KEY SECTORS of the West Yorkshire economy could face “severe disruption” as a result of Britain’s decision to leave the European Union, according to a new report.
One in 20 workers in the Leeds City Region are EU migrants with the proportion in some sectors much higher.
In manfucturing, seen as vital to the area’s future economic growth, one in eight workers are estimated to be from the EU and more than one third in food manufacturing.
The report from the Leeds City Region Local Enterprise Partnership (LEP) on the future skills needs of the area warns: “The intensity of EU migrant employment in some geographic areas, sectors and occupations create a risk of severe disruption for some employers should access to this Labour source be affected by the UK’s decision to leave the EU”.
The future ability of EU nationals to come and work in the UK, known as freedom of movement, is set to be one of the key elements of Britain’s Brexit talks with Brussels.
Theresa May’s promise to allay public concerns over immigration by curtailing freedom of movement has raised concern among some businesses that they could find it harder to recruit the skilled people they need.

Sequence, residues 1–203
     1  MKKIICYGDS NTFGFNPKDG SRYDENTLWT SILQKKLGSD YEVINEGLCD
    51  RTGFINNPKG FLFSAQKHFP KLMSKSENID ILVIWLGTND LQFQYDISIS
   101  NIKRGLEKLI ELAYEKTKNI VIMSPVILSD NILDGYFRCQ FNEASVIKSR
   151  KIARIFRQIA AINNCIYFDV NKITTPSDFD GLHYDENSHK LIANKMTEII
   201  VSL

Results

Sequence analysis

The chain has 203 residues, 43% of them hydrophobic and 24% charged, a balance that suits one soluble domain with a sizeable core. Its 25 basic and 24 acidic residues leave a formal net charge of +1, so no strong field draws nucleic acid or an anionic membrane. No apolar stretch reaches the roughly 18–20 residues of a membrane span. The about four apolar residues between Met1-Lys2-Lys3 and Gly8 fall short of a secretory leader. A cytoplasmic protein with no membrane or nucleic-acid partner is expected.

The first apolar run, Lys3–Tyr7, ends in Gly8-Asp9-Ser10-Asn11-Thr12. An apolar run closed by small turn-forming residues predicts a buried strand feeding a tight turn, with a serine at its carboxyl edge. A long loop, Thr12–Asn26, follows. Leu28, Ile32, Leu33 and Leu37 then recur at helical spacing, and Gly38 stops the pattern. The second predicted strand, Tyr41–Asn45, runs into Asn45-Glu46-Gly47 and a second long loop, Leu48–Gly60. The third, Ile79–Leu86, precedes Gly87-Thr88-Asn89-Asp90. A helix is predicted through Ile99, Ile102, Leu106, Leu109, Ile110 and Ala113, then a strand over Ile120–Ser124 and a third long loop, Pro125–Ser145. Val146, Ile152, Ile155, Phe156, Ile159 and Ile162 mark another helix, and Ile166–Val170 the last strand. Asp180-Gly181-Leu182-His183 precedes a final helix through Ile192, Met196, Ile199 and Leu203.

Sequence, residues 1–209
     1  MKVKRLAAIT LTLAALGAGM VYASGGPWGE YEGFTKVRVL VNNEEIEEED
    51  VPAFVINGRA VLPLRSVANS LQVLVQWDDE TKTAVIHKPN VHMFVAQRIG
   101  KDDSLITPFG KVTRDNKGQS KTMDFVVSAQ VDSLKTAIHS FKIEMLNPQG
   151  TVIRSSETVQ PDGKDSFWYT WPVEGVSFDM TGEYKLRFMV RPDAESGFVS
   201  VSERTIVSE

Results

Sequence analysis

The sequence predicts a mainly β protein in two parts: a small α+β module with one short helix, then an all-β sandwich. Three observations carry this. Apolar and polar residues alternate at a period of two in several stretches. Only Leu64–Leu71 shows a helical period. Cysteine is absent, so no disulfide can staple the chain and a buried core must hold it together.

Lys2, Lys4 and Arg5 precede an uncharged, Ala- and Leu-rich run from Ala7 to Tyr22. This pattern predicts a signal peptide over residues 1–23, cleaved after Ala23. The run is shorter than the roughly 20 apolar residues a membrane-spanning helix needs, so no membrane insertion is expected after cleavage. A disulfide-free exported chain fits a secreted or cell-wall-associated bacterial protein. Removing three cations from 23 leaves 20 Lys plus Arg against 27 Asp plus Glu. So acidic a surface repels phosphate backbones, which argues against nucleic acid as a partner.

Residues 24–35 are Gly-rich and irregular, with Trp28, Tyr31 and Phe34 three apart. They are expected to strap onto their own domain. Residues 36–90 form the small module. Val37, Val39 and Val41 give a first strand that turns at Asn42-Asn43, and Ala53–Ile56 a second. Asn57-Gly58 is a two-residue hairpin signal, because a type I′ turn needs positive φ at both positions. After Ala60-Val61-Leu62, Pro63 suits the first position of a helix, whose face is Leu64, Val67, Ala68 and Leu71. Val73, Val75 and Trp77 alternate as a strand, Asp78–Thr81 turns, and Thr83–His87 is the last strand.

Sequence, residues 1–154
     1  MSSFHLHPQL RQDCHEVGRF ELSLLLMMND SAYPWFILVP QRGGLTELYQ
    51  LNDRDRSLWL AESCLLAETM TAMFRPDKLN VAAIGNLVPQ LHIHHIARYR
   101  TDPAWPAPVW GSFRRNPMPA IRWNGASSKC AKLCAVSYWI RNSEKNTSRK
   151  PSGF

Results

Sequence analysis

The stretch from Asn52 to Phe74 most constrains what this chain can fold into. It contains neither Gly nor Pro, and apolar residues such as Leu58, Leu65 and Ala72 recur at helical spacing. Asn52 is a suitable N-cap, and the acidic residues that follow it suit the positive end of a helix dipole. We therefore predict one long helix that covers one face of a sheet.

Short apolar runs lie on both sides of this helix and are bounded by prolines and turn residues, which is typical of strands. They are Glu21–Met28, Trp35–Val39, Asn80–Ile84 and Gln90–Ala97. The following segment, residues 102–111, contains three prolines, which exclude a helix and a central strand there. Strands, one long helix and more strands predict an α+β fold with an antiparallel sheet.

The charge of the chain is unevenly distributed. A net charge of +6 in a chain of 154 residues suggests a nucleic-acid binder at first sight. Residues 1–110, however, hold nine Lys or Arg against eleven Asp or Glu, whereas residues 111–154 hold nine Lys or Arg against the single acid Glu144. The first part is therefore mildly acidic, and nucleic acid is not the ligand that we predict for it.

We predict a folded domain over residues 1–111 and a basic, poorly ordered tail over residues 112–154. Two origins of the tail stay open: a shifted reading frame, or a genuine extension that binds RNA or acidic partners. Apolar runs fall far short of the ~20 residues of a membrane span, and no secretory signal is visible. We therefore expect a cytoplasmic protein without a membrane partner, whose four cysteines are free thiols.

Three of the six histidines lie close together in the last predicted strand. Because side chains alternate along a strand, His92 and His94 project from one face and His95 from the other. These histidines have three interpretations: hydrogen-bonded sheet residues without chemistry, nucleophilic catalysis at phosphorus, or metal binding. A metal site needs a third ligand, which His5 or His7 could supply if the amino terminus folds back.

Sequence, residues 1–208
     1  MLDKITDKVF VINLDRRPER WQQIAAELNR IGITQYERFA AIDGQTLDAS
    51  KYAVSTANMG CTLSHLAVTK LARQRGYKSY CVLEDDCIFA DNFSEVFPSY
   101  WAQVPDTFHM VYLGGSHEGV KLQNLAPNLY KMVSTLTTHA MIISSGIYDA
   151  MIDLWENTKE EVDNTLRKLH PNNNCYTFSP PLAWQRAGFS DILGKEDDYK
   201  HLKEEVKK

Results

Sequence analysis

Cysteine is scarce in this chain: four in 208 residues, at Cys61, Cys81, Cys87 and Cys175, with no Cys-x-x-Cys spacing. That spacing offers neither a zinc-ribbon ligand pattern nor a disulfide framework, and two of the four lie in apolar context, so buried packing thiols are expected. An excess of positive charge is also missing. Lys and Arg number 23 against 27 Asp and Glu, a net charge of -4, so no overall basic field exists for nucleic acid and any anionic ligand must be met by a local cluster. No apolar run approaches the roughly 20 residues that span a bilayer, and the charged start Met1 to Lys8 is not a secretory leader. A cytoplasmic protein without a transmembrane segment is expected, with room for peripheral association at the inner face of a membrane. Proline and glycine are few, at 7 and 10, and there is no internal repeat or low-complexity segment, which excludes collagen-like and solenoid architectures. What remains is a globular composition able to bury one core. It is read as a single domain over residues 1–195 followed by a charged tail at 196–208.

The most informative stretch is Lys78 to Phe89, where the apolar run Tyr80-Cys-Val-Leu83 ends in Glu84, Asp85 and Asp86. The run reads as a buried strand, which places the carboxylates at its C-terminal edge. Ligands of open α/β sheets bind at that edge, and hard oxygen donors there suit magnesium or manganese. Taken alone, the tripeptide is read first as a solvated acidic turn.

The Government has also yet to give an unconditional guarantee that EU workers already in the UK will be allowed to remain once Britain leaves.
Bradford Council leader Susan Hinchcliffe, who speaks on skills issues for the LEP, said: “People voted to come out of the EU but the vast majority of people didn’t vote for the wholesale repatriation of the EU workforce. I think that’s clear. So we do need Government to make sure they put common sense into negotiations and we do need an agreement with Europe on the movement of labour.”
The report suggests 71,000 new jobs will be created in the area over the next 10 years.